Sunday, 19 January 2014 11:57 AM
If you want to feel as though you’re standing on top of the world, but don’t have the time or inclination to learn complex mountaineering techniques, never fear, because there are plenty of mountains you can climb without requiring technical rock climbing abilities.
We’ve selected a few of the best – just remember though, these are still incredibly challenging ascents. While they may all be walkable, that doesn’t mean you won’t have to deal with steep climbs and high altitudes.
Mount Kilimanjaro, Tanzania
Height: 5,895 m
Mount Kilimanjaro is not only the tallest peak in Africa, but also the highest walkable summit in the world. So, it’s definitely a worthy challenge for any budding mountaineers. What’s great about Kilimanjaro is that there are six different routes to the summit to choose from.
Two of the top options, however, are the Lemosho and Rongai trails. The reasons why these are among the best hikes to do is that they both tend to be quieter than some of the other choices, as well as leading you through some of the most spectacular landscapes Kilimanjaro has to offer.
Whichever route you choose, make sure you are properly prepared for climbing Kilimanjaro – this means doing plenty of training before your trip, staying well hydrated and taking the walk slowly to allow you time to acclimatise.
Mount Toubkal, Morocco
Height: 4,167 m
Mount Toubkal in Morocco is a great mountain to tackle if you’ve not done much climbing before. The route to the summit is relatively straightforward, although in the winter there can be snow on the upper slopes, so it’s best to avoid this time of the year if you don’t feel ready to use the likes of crampons and ice axes.
The climb up this peak is lovely and not only gives you the chance to enjoy the stunning scenery of the Atlas Mountains, but to also visit traditional Berber villages en route. These communities have been living in the region for centuries and know the mountains better than anyone.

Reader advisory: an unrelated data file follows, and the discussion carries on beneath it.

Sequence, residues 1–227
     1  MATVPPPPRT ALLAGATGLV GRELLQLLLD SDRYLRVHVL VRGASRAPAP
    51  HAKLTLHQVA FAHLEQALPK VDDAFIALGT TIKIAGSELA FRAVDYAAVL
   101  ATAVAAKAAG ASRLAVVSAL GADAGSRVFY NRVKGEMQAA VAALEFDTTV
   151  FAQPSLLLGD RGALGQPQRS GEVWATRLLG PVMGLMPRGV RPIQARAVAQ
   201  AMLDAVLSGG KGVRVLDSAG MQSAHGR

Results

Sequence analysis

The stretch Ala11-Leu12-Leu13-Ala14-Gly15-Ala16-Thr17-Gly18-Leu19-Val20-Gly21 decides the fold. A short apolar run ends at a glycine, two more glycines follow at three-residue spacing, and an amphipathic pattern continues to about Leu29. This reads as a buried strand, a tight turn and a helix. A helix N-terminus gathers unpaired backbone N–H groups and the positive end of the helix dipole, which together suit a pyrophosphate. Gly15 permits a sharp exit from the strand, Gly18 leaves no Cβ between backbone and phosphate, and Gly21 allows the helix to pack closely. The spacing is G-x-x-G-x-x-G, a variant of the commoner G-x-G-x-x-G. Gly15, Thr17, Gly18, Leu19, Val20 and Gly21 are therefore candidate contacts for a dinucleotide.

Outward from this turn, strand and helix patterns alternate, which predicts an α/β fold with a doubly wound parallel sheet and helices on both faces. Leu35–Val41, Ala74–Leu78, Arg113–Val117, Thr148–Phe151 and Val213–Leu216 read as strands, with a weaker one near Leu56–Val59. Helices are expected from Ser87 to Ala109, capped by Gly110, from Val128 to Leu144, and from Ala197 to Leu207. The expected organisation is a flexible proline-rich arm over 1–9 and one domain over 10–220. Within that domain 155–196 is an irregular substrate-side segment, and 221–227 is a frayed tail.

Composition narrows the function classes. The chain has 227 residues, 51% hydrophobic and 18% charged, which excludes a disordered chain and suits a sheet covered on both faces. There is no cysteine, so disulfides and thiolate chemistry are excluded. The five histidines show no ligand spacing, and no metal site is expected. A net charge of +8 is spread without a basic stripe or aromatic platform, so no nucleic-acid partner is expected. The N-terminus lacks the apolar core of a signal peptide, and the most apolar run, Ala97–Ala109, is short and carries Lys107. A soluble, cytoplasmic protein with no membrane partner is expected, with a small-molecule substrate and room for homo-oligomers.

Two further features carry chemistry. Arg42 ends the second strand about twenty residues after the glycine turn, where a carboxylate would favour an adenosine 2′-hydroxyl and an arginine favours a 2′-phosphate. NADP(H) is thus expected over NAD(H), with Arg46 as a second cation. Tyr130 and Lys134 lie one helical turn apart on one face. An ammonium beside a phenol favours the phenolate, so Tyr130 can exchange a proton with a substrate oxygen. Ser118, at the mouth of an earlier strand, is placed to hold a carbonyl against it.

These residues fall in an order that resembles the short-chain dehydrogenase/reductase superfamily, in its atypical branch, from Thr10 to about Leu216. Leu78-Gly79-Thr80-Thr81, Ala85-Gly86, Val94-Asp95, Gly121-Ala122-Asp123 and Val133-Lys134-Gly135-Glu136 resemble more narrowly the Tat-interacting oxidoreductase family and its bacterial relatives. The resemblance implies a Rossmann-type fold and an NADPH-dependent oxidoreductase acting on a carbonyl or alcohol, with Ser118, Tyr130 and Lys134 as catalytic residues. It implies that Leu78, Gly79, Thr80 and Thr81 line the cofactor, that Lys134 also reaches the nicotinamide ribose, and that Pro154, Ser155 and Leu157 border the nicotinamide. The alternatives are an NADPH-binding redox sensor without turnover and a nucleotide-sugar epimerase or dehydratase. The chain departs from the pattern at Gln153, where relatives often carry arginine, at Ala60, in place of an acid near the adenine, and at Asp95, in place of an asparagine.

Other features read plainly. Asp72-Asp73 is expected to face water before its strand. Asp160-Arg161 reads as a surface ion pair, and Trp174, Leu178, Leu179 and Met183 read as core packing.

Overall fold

Mount Etna, Italy
Height: 3,330 m
Mount Etna in Sicily is Europe’s highest volcano and it’s a great place for beginners to get used to mountain walking. The fact that Etna is still active also means that it’s a fascinating hike to complete, with the views from the crater rim being amazing – both over the island and in the centre of the volcano itself.
Etna’s slopes are fascinating to explore, even if you don’t make it to the top, as there are astounding lava formations and numerous spent craters from previous eruptions that you’ll pass as you walk.
One word of advice if you are thinking of climbing Mount Etna though – make sure you go with a guide. This is because there are often clouds that shroud the summit, which are made worse by the volcanic activity, so it’s easy to get lost if you don’t know exactly where you’re going.
A qualified guide will know the trails up and down the mountain well, allowing you to feel safe during your trek and to enjoy the sights around you, without having to worry about navigating in difficult conditions.
In fact, guided hikes are definitely the way to go for any budding mountaineers, as it takes some of the stress out of the climb and gives you the chance to just focus on enjoying the walk and making it to the summit.